I have been told that the loss of general vitality caused by blindness is in a great measure due to loss of that mental and psychic stimulus which the sighted receive in daily life by the sight of light and of things beautiful, pleasant, or interesting, and by the sight of motion. If that is so, then certainly eurhythmics should prove most valuable in the education of the blind, giving them just that stimulating, invigorating joy they are so much in need of. I should like to see eurhythmics introduced as part of the regular school training at every school for the blind. The children should have a short spell of eurhythmics every day.

In July 1917 I gave a short display of elementary exercises executed by my blind children at Swiss Cottage. All the teachers on the staff of the school were present and expressed astonishment at the results of the year's training. They all encouraged me to continue the work. The immediate result of the display was the formation of the older girls' class above-mentioned.

Professor Dalcroze paid my class a flying visit one day, and was very much struck by the wonderful expression of joy in all the little faces and in the attitude of all the pupils the moment the music gave the command for the exercises to begin.

I feel myself that I am only on the threshold of my experiments in teaching eurhythmics to the blind, and that I have much still to learn as regards the best method of reaching their sensibilities. But all doubt as to the possibility or of the use of teaching them this delightful science has been quite dispelled. The London School of Dalcroze Eurhythmics,

23, Store Street, W.C.1.

1 Further particulars regarding this work may be obtained from Mr. Percy B. Ingham, B.A., Director, London School of Dalcroze Eurhythmics, 23, Store Street, W.C.1.

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Author of " Maternity Nursing," &c. In the discussion of a problem which so vitally concerns the wellbeing of our country, we can ill afford to ignore the aspect as it touches the industrial worker, and the munition worker in particular. As we know, the question embraces some thousands of women between the ages of 17 and 40, all working strenuously day and night, and in the enthusiasm of the “ cause” the consequences are overlooked or forgotten.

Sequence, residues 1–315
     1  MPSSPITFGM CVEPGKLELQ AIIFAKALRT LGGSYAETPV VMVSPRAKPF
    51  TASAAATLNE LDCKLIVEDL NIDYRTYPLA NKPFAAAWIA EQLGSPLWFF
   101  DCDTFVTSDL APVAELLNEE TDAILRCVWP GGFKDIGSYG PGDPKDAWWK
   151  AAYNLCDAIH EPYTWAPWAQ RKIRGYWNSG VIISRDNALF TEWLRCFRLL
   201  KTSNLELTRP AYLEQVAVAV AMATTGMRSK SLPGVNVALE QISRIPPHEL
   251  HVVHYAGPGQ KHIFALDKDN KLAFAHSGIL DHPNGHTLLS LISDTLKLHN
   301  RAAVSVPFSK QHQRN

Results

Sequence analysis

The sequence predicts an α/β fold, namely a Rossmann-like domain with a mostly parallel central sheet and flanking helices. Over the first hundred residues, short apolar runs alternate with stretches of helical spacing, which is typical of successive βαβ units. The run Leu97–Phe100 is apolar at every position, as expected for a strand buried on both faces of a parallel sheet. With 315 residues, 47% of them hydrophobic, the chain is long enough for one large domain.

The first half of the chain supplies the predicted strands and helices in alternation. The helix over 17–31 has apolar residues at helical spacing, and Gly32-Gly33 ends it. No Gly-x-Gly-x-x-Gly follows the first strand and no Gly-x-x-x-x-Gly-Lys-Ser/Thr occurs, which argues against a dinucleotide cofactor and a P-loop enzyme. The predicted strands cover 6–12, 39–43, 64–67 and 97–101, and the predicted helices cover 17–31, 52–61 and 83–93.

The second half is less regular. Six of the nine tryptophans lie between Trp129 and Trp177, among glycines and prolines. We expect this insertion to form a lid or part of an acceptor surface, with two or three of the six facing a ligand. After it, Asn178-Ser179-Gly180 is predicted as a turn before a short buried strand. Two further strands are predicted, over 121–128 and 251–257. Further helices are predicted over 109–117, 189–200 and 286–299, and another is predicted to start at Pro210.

Dealing with this question in munition areas, volumes could be written in regard to the effects of insanitary surroundings, housing, and sleeping accommodation alone, but that is not my object at the moment. Quite recently I read a statement made by a medical woman of some repute, to the effect that statistics did not prove that working in factories was necessarily harmful to mothers, and I feel, in view of that statement, that the time has arrived to give my own statistics, obtained by what I may term continual supervision and systematic study.

As a teacher of maternity nursing and midwifery, with a keen eye for future knowledge, I felt impelled to enter a shell factory with the object of watching the gynæcological effects of this unusually hard toil on my fellow-women. I have been fortunate in obtaining facilities for the study of various types of heavy machinery and their effects on different types of women, and it is of this I would speak. The number of girls in my charge fluctuates from 800 to 1,000, according to the necessity of output, and covering a period of one year the particular cases of which I speak number 1,054, not including the many repeated visits.

These comprise industrial muscular fatigue, uterine and ovarian inflammation, gonorrhæa, leucorrhæa, prolapse uteri, hæmorrhage, endometritis, and dysmenorrhea. The figures show that women are suffering, and that the stress and strain arising from work in connection with heavy machinery and the like wili prove a menace to motherhood. Take the work of one pregnant woman, for instance. Engaged on 6-in. shells weighing approximately 84 lb.